I have relatives that accepted a down payment from their parents, but it turned out to be a tiny bit problematic. Any time there were issues in the family, the down payment “gift” was brought up. To borrow something that has interest on it… is not a super-smart move. You don’t want to be house-poor. I would just keep saving till you have the necessary down payment that is 100% yours to begin with.
Post # 13
We are from Ontario too.
We borrowed $10,000 from my mom for our down payment. Even though we borrowed it, we told the bank it was a gift and my mom had to fill out a form and sign that it was indeed a gift. Simple as that. (We went through BMO, fyi).
We paid my mom back in 3 months, before we moved in. We were super motivated to pay her pack. Even though we ended up telling the bank before we signed the docs “oh yea, it wasn’t a gift.. its already paid back” she said “pretend I didn’t hear that.. it was a gift and you are not paying it back and she needs to sign this form”. Ok then.
We didn’t pay interest, because she gave it to use from her savings account, but I think we gave her like $100 at the end as a thank you.
Post # 14
Ok, I’m going through this as we speak. Gift funds are allowed from immediate family members (mom definitely works). BUT they can not be a loan. Your mom will have to sign a “gift letter” stating that she gifted you this money with no expectation of being paid back. They will need a copy of her bank statement showing the money in there, showing it come out and a copy of the canceled check.
They only allow gifts because they do not want you having another monthly loan bill on top of your mortgage.
I was gifted 1/2 of my 3.5% (FHA) downpayment. I also had to show the money going into my savings account and include a letter that states it was a gift with no expectation of repayment.
My new mortgage (including Private Mortgage Insurance) will be lower than my rent.
Post # 15
You need to take into consideration what happens to your mom if you default. You have no idea what the future holds. You or your husband could get sick or in an accident and not have the money to pay back the loan. This could ruin your mother’s credit, and they could go after her for repayment. Especially if she is approaching retirement, they could go after those funds and put her in jeopardy to retire on time. This will likely cause a large toll on your relationship, and may not be worth the risk.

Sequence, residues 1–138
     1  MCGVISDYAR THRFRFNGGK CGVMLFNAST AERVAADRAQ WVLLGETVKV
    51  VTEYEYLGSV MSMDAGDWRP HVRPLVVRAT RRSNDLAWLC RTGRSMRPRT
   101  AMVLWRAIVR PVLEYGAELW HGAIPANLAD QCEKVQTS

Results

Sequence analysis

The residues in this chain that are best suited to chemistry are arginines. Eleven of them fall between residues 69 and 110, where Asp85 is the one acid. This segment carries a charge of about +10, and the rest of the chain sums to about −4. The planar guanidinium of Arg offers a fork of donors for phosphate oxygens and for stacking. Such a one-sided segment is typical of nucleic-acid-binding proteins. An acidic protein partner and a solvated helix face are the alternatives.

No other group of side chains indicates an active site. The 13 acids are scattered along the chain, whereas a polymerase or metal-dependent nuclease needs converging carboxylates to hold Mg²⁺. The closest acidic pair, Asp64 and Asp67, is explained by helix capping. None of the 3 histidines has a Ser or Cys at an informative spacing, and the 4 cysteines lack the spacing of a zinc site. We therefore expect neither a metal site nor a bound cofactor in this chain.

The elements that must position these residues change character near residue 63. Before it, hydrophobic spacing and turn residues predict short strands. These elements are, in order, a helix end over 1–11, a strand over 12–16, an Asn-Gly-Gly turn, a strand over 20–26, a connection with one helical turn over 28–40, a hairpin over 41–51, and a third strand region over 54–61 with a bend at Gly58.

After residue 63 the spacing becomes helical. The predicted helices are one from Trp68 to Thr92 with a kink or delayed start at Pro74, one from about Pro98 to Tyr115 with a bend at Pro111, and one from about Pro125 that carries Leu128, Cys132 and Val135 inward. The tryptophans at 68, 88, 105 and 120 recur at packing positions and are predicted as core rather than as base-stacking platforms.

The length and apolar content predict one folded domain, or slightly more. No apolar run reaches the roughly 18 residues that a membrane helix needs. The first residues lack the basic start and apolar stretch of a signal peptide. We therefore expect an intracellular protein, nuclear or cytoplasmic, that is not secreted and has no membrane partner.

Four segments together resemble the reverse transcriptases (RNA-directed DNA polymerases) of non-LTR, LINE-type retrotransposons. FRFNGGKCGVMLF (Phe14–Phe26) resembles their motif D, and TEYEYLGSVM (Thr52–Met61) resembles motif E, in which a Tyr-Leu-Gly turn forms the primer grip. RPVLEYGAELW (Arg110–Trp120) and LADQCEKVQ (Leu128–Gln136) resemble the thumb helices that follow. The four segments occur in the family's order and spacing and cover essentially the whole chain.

Also, make sure that you have a contract with your mom on payment terms that you both sign. It will protect everyone involved and reduce (but probably not eliminate) hard feelings.
Also a tip if you are using a loan from your parents for downpayment; make sure they give it to you and it sits in your bank account for at least 2 statements (2 months). When you get a mortgage, the bank always makes you show 2 months worth of bank statements, and if they see a large influx of cash that wasn’t from your employment during those 2 months, they will see that as a huge red flag and may deny you a mortgage.
Post # 16
i wouldn’t borrow money for a down payment.
i would sit down and put together a plan. set yourselves a down payment goal and then discuss how and when you willl achieve it. there may be a few or a lot of compromises depending on how badly you want to achieve this goal. eat out less, movie nights in, no extra spending. can you move to a cheaper apartment for the next year or two to safe money. can you pick up some overtime or get a part time job?
where there’s a will, there’s a way.